Stories passed down through the generations tell how African women, pressed into kitchen duty on the slave ships, hid rice in their own and their children's hair and thus helped in the diffusion throughout the Americas of African foods and dietary practices. The foods that provided the cornerstone for West African foodways were plantains, rice, yams, and millet. Cultivating crops, and preparing foods during slavery, Africans and then African Americans created, as historian James McWilliams calls them, "cuisines of survival."
What these groups didn't bring to the table was beef, and this was viewed as part of their downfall. Nineteenth-century writers attributed the success of the colonizers to their meat diet, rather than their use of advanced technologies of violence, lies and deception, and the introduction of diseases like smallpox to populations lacking inherited resistance to these diseases. For instance, 19th-century medical writer George Beard wrote, "Savages who feed on poor food are poor savages [sic], and intellectually far inferior to the beef-eaters of any race."
Europeans brought cows with them when they came to North America. Jeremy Rifkin, author of Beyond Beef, calls cows "hooved locusts" because of the destruction done to the land by these quadrupeds. In order to graze their cows, New England colonists enclosed the land for pasture, supplanting food practices of indigenous people. In the Midwest, open prairie land where buffaloes had roamed became pasture. Traditional patterns of indigenous people prized plant foods and used small amounts of meat for fat and flavor, but they were pushed aside in favor of a meat- centric diet. But it wasn't until the middle of the 20th century that these efforts accelerated to produce the factory farming that is the norm in many countries, including the United States and Great Britain (and increasingly so in China).
During World Wars I and II in many Western countries, abstaining from meat consumption was a patriotic duty, albeit a mandated one. Meat was rationed and restaurants were required to observe meatless days. In the United States, the burger chain White Castle investigated meatless hamburgers, including a soy burger in the 1940s (an enterprise they revisited more than seventy years later when vegan sliders appeared on their menu in 2015). Newspapers offered recipes for soy burgers and bean burgers.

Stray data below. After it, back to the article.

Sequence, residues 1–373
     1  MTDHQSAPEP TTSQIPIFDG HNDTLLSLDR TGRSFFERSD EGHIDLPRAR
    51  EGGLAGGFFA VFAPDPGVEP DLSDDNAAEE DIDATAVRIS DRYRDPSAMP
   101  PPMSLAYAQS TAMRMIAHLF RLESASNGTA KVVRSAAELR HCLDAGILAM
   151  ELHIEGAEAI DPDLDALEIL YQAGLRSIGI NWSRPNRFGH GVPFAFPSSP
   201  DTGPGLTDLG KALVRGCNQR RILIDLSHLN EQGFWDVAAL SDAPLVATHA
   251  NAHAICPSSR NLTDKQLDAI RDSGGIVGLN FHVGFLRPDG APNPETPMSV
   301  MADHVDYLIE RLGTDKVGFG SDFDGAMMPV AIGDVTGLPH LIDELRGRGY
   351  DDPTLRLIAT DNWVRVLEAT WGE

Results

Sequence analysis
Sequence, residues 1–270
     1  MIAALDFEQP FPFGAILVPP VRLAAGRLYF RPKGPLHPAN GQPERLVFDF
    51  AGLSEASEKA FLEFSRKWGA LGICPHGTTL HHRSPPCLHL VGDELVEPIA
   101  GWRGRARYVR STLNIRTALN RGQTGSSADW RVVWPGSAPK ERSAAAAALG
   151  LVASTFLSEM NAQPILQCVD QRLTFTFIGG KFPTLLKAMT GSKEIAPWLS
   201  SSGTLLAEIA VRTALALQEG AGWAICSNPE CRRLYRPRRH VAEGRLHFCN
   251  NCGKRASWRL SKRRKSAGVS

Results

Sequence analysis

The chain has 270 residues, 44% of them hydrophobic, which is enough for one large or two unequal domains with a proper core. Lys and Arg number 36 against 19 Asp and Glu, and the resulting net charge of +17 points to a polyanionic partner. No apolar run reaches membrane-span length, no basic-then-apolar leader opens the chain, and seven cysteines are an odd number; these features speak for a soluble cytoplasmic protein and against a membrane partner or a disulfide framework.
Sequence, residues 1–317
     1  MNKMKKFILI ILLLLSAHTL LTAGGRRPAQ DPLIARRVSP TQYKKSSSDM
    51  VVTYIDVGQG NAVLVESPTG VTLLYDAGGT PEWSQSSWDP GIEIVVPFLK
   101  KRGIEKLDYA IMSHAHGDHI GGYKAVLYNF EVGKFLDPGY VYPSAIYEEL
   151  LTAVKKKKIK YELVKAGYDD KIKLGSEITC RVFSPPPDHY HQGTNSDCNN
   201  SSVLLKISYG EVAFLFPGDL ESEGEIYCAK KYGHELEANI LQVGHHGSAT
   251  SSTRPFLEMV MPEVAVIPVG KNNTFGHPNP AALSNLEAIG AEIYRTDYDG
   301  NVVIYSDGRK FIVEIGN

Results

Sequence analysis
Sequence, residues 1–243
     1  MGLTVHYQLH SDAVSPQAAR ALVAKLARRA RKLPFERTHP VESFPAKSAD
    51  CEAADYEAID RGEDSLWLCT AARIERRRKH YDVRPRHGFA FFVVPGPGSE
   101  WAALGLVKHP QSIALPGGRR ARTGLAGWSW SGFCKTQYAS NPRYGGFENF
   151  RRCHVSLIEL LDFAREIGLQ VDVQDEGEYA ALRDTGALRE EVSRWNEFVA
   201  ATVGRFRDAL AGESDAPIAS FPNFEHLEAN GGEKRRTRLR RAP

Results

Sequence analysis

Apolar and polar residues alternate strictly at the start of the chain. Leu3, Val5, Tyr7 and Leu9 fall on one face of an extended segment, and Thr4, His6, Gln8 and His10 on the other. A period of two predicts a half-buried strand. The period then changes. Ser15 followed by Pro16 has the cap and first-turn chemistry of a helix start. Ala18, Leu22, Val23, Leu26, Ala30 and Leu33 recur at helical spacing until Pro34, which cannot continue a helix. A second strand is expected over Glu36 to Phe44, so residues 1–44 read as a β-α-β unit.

The end of the war brought prosperity and plenty, which for citizens of the United States meant putting meat and eggs back on the menus in kitchens and restaurants. In the 1950s, the hamburger franchise took off. The "drive-in" with its meat and dairy-centered meals became iconic.
Fueling the demand for meat was a new industrial model for raising animals who become food. It reduced the amount of land needed to grow animals and eventually required less labor as automated systems were introduced. Animals were brought in from the pasture and crowded together in warehouse-like buildings.
Chickens were the first animals to enter the factory farm. At first laying hens, those bred to produce eggs, were housed one per cage. Then they were crowded together within a cage, and then the cages were stacked one on top of another. Now the largest producers grow tens of thousands in one place.
As farms turned into factories, animals were turned into machines. A 1976 article in Hog Management magazine advised, "Forget the pig is an animal. Treat him just like a machine in a factory." The manager of Wall's Meat Company defended the use of steel-barred cells called "farrowing crates," which enclose nursing sows in a space so small that they can't turn around. He said, "The breeding sow should be thought of as, and treated as, a valuable piece of machinery, whose function is to pump out baby pigs like a sausage machine."
Chickens, too, are stripped of any moral concern and turned into machines. "The modern layer is, after all, only a very efficient converting machine, changing the raw material — feedstuffs — into the finished product — the egg, less, of course, maintenance requirements," was the observation of one farm magazine.
Before factory farming, cows at least got a break from milking while they were pregnant. But, with a focus on production, expectations for cows changed. Now for seven months each year, they are both pregnant and lactating. They are forcibly impregnated every year because cows don't produce milk unless they have been pregnant. On dairy farms, cows' milk is for profit, not for baby calves. Newborn calves are removed from their mothers soon after birth.
While this is all business as usual for the farmers, it's not quite so easy on the cows. Cows miss their calves and they cry and bellow for them. In one town, their calls for their calves so disturbed the residents that many called the sheriff to report "strange noises." The sheriff assured them this was normal for the dairy farm from which the sounds came, but also identified these sounds as cows "lamenting" the loss of their calves. "It happens every year at the same time," one police officer reported.